Because all our bar soaps are naturally rich in glycerol, they need to be stored on a soap rack to dry between uses, so that they do not absorb water and go soft. When looked after, one bar will generally last around 4 weeks when used by one person.
Made using coconut and olive oils, and fragranced with organic essential oils, our liquid soap is free of preservatives, synthetic additives, palm oil derivatives and potentially harmful additives like triclosan and EDTA. It is a stronger soap than our bar soaps, and recommended for hand and body wash, rather than as a face wash.
Palm oil is found in most soap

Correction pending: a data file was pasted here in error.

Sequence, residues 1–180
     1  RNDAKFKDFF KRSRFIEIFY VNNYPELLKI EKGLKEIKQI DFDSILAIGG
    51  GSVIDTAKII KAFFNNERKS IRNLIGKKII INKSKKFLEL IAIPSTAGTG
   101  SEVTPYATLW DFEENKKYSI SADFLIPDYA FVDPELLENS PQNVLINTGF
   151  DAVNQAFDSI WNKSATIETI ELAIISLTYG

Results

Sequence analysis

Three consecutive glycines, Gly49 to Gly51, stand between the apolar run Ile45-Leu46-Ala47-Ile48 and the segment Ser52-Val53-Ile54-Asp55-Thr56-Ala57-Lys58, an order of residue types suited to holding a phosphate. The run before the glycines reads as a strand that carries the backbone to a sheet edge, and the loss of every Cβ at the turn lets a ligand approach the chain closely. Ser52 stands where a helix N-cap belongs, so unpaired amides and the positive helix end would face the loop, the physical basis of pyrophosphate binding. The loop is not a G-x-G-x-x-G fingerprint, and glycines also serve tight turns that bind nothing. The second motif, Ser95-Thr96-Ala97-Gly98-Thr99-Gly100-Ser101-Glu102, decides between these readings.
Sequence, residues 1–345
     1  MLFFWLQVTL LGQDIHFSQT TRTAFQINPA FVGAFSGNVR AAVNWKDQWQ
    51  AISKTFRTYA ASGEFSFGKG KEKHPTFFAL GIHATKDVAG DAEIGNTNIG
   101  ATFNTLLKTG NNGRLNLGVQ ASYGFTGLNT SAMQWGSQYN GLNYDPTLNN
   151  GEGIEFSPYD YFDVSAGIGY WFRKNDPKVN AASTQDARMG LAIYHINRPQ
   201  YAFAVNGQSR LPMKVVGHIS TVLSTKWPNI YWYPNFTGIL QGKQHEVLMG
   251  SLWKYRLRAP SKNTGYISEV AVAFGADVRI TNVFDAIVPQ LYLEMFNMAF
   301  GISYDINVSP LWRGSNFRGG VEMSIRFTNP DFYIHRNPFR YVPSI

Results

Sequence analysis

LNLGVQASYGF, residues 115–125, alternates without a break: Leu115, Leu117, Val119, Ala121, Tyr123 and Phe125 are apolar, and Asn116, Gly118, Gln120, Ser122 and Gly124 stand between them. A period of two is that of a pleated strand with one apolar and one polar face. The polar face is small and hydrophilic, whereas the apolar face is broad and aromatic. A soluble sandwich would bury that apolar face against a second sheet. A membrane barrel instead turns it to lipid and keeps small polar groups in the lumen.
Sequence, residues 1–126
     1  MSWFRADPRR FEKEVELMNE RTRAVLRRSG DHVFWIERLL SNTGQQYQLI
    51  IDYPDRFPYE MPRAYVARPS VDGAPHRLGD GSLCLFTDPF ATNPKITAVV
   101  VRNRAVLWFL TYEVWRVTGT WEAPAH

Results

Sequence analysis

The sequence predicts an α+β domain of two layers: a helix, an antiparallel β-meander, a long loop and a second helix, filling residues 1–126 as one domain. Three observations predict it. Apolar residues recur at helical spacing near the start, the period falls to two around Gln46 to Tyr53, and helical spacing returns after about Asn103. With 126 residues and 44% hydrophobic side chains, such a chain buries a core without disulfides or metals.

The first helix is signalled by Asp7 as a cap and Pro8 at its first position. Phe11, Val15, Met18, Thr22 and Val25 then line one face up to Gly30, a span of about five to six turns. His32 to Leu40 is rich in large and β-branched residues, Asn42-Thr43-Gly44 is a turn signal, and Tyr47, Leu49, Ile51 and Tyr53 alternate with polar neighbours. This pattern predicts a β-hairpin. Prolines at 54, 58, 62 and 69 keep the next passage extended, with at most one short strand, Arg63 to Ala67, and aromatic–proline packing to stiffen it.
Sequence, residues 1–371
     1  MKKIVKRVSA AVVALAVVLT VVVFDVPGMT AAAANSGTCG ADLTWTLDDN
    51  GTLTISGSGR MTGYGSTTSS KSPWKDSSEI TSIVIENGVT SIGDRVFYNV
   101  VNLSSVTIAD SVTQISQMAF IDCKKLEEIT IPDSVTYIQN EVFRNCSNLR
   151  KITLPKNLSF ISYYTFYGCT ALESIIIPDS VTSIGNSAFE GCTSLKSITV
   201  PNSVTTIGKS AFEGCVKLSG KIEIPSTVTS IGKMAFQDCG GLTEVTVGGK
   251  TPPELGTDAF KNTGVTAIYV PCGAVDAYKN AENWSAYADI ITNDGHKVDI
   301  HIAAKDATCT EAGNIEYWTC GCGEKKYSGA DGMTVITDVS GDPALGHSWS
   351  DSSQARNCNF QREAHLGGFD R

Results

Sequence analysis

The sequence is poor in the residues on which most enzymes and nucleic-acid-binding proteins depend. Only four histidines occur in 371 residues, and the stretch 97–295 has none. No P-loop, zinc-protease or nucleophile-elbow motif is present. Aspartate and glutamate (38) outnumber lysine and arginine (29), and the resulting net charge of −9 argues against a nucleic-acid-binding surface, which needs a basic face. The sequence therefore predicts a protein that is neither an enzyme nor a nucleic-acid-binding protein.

If you pick up any bar soap in a supermarket aisle and look at the ingredients list, you will likely see the words ‘sodium palmate’ and ‘sodium palm kernelate’ near the top. These are the terms for palm oil and palm kernel oil that have undergone the saponification reaction. Currently, Indonesia and Malaysia are burning rainforest at an alarming rate to clear land for palm oil plantations. Palm oil is a multi-billion dollar industry resulting in the destruction of rainforest to satisfy our demand for cheap vegetable oil in our soap, skin care products (read more here) shampoos and conditioner (read more here), and the majority of packaged foods. The forest fires cause massive pollution problems and release billions of tons of carbon into the atmosphere. Deforestation is likely to result in the extinction of the endangered orang-utan and Sumatran tiger and numerous other lesser known species, and is causing a humanitarian crisis in displaced indigenous populations.